By Joe Flower
Chief financial officer: tough gig. Seriously.
Whether for a payer or a healthcare provider, the CFO’s job is the exact point where the smiling faces on the billboards meet the double entry, the financing, the payer mix, the debt structure.
And it all has to work out in the black. It has to do that sustainably, not only this year but next year and five years from now. Best guess? It’s going to get a lot tougher, with shifting revenue streams, market boundaries, new technologies, growing consumer expectations and uncertain politics.
Raise your hand if you can tell me the significance of these names: Univac, Control Data, Burroughs, Digital, Honeywell, IBM, NCR.
These companies dominated the computer world in 1980. As of 1990, all but IBM were gone, bankrupt, subsumed into some other company, or just out of the computer business. The one that survived, IBM, is the one that said, “Maybe we should at least get a toehold in this new personal computer game, even though it is risky for our main revenue streams.” All the others went “poof.”
A number of factors—radical new technologies with vast potential, ramifying customer frustration, shifting user base—are coming together to put healthcare today at exactly the place the computing world was in 1980.
A Beautiful System In Danger
The U.S. healthcare system is in many ways a beautiful system. We can be proud of our world-leading technology, gorgeous physical plants, and a vigorous sector fairly fountaining the best jobs.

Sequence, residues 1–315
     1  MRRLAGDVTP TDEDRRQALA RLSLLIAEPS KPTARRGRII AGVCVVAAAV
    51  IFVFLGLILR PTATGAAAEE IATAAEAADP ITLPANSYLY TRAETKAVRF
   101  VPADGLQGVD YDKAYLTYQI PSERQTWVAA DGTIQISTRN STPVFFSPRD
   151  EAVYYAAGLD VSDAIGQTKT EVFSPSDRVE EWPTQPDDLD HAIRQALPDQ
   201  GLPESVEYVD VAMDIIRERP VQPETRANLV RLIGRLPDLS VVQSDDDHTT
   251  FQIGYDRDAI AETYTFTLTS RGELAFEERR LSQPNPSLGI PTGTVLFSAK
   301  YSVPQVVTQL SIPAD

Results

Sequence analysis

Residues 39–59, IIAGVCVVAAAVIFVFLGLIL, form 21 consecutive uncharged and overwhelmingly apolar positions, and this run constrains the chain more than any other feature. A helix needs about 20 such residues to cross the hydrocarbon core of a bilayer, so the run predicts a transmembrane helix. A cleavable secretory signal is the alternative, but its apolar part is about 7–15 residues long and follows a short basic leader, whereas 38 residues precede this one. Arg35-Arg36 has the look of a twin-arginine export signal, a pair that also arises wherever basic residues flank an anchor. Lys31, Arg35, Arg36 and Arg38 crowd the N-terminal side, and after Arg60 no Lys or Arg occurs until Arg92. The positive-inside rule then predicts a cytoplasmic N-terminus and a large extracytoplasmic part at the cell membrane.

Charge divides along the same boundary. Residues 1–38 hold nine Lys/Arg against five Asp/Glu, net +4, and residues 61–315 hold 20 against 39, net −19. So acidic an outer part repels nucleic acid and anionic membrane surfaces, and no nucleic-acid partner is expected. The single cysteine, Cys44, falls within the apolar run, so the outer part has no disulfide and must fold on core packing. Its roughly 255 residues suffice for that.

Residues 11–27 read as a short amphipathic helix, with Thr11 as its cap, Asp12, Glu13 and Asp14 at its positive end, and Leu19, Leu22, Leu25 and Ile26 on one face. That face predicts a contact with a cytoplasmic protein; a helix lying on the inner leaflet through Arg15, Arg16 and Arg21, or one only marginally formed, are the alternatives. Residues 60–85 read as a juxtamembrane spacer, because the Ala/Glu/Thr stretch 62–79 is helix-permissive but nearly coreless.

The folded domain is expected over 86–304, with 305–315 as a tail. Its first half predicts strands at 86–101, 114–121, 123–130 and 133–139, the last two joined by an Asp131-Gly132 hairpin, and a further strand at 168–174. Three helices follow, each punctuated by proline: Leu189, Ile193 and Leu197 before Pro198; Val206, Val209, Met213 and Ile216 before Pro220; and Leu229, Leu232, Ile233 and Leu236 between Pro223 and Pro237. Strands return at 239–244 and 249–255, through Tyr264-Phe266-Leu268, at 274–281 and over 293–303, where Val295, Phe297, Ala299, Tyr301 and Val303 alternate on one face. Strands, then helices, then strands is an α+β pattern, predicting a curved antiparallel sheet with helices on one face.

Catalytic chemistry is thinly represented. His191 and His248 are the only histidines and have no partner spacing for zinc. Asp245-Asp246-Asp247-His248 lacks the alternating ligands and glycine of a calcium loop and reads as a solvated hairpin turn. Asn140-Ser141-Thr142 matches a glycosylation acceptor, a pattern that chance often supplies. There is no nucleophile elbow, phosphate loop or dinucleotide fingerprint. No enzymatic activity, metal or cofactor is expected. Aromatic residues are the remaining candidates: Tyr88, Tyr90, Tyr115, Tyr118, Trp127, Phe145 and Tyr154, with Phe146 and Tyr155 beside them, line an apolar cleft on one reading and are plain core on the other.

In many ways, the system is doing really well at what it is designed to do. But we have to ask: What is it designed to do?
The medical care system and the clinicians who work in it are focused on curing people, keeping people healthy, fixing them where they are broken.
The healthcare system that now envelops, manages, and pays for all that wonderful work is designed for a different aim. No one person or group designed it this way. It is a complex adaptive system with many interacting parts that developed over the last half century or so. It is, in a sense, self-designed.
An economic market that works brings together healthcare consumers with providers who can give them what they need at a price they can afford.
The fee-for-service system is working at cross-purposes to the needs of consumers, employers and other buyers. Healthcare costs far too much, is far too wasteful, and still can’t seem to take care of everyone.
No system can long survive working so vividly at cross-purposes to the needs of its real customers and buyers.
Eventually that mismatch generates unrecoverable instability in the system.
The U.S. system has almost exclusively a single financial input: code-driven, incident-focused, insurance-supported, fee-for-service payments. Its other key inputs are not financial but human: the needs of patients, and the commitment and passion of the clinicians and caregivers.
The problem expressed in the iron tongue of financials is: How do we close the gap between our customers’ and clinicians’ real needs and the financial engineering of our systems? How do we shift from the current single-input model to new models that will bring us closer to our customers and help us do the job we are here to do? What are the new dynamics? Who are our new partners and allies? No one does this alone.
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